• mix - Information about each tick-box inside a module, including style of tick box, and location in the source.
  • pix - used only by hpc-trans, stores a list


Suppose you have run your tests and collected the coverage results in a .tix file (you don't have to do anything to collect the results - hpc will keep adding coverage information to the .tix file).

Now you want to see how good your testing was:

hpc report GenDesc.exe --hpcdir=..\src\.hpc --srcdir=..\src --per-module --include=Utils.Substitution

-----<module Utils.Substitution>-----

65% expressions used (59/90)
33% boolean coverage (1/3)
      0% guards (0/1), 1 always True
     50% 'if' conditions (1/2), 1 always True
    100% qualifiers (0/0)
62% alternatives used (5/8)
66% local declarations used (2/3)
71% top-level declarations used (5/7)

But you know that some of the source statements are assertions and should never be executed. First create a draft overlay that provides 100% coverage.

hpc draft --hpcdir=..\src\.hpc --srcdir=..\src GenDesc.exe.tix > myDraft.txt

You can then create a .tix file from the overlay.

hpc overlay --hpcdir=..\src\.hpc --srcdir=..\src myDraft.txt > myDraft.tix

And combine these two .tix files.

hpc combine GenDesc.exe.tix myDraft2.tix --union > idem.tix

Now you get a report that doesn't include assertions e.g. calls to assertM and error (although I'm basing this on observation - I couldn't find any documentation on this).

hpc report idem --hpcdir=..\src\.hpc --srcdir=..\src --per-module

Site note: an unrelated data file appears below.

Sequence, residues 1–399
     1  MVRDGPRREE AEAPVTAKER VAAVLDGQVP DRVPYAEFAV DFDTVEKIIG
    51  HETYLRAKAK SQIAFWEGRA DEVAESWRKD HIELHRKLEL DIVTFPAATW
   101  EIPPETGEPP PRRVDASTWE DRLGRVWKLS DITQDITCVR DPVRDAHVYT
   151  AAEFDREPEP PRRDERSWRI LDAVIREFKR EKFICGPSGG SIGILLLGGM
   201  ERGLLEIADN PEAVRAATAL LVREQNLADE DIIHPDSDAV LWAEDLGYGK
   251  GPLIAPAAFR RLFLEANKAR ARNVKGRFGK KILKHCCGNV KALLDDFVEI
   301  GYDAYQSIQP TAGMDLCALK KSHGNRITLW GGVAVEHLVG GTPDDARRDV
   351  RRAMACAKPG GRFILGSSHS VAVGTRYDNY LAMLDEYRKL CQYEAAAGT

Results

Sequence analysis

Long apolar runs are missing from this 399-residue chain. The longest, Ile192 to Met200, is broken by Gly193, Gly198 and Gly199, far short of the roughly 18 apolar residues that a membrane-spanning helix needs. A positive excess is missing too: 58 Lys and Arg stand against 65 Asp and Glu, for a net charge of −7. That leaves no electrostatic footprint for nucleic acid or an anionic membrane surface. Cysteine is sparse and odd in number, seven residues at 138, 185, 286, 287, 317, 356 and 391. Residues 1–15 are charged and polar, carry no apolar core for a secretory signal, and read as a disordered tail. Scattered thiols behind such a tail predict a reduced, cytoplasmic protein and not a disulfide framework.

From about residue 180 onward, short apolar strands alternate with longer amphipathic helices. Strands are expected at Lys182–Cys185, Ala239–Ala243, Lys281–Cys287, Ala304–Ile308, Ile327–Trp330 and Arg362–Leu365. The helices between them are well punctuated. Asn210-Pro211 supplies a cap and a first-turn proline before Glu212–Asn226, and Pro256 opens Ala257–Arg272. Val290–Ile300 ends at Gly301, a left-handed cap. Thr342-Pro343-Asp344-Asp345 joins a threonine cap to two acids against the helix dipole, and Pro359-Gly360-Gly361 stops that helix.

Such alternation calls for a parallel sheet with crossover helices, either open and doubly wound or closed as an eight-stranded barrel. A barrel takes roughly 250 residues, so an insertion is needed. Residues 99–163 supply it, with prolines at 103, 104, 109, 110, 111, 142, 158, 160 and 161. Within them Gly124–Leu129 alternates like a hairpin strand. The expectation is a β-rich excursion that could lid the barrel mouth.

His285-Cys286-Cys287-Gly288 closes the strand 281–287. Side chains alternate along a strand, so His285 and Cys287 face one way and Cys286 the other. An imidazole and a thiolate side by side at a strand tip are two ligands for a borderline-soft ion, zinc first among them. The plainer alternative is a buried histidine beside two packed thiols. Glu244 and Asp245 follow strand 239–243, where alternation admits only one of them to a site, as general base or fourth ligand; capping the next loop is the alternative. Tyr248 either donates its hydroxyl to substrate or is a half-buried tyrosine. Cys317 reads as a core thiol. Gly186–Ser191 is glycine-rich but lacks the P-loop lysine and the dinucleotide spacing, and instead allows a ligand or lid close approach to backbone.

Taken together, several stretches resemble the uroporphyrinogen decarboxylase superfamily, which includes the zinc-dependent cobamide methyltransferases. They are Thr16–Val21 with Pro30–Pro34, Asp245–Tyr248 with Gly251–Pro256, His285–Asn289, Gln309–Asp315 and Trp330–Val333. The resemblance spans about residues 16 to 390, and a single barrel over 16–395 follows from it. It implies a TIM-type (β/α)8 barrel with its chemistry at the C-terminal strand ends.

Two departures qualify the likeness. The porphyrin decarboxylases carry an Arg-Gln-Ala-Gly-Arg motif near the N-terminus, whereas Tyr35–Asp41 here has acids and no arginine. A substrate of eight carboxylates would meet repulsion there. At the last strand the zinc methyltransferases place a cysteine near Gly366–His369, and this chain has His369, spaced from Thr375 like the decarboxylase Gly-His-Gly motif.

-----<module Utils.Substitution>-----

91% expressions used (82/90)
33% boolean coverage (1/3)
      0% guards (0/1), 1 always True
     50% 'if' conditions (1/2), 1 always True
    100% qualifiers (0/0)
87% alternatives used (7/8)
66% local declarations used (2/3)
71% top-level declarations used (5/7)

But you still know that some of the functions should not be tested; they are there just in case you need to make some performance improvements in the future.

Create an overlay file using the draft overlay as a template.

module "Utils.Substitution" {
  tick function "getFreesShallow" [future];
  tick function "getFreesUsingPadrec" [future];

Create a .tix file from it.

hpc overlay --hpcdir=..\src\.hpc --srcdir=..\src myAnnot.txt > myAnnot.tix

And then combine it with the automatically generated exclusions .tix file.

hpc combine idem.tix myAnnot.tix --union > excludeFuture.tix

Now our report gives us (almost) what we want: 100% coverage.

hpc report excludeFuture --hpcdir=..\src\.hpc --srcdir=..\src --per-module

-----<module Utils.Substitution>-----

100% expressions used (90/90)
 33% boolean coverage (1/3)
       0% guards (0/1), 1 always True
      50% 'if' conditions (1/2), 1 always True
     100% qualifiers (0/0)
100% alternatives used (8/8)
100% local declarations used (3/3)
100% top-level declarations used (7/7)

Sadly there is no documentation on how to exclude boolean coverage.

Hpc quirks

Hpc (at least with 6.10.1) is not happy with literate haskell or with cpp. Even if your file contains no cpp, hpc will give spurious results if you use the cpp option on the command line. One way round both of these problems is to pre-process the source by hand with something like

ghc -E -optP-P -cpp Foo.hs

and then remove the line

{-# LINE 1 "Foo.hs" #-}

Don't use strip on your executables. I'm guessing hpc stashes information in the executable which strip removes.

Hpc with a Cabal project

After installing HPC, you need to clear out your build with clean so every file can be built and enable coverage with configure:

cabal clean
cabal configure --enable-tests --enable-coverage
cabal test

Hpc with a Stack project

HPC can also be used easily from the Haskell tool stack [1]. Similarly to cabal, you should first clear out your build such that every file gets rebuilt with coverage enabled. After that, you can enable coverage and run the tests:

stack clean
stack test --coverage

Contact the authors

We hope you find this tool-kit useful. If you have any comments or feedback, please feel free to email us.

Andy Gill (andy@galois.com) Colin Runciman (colin@cs.york.ac.uk)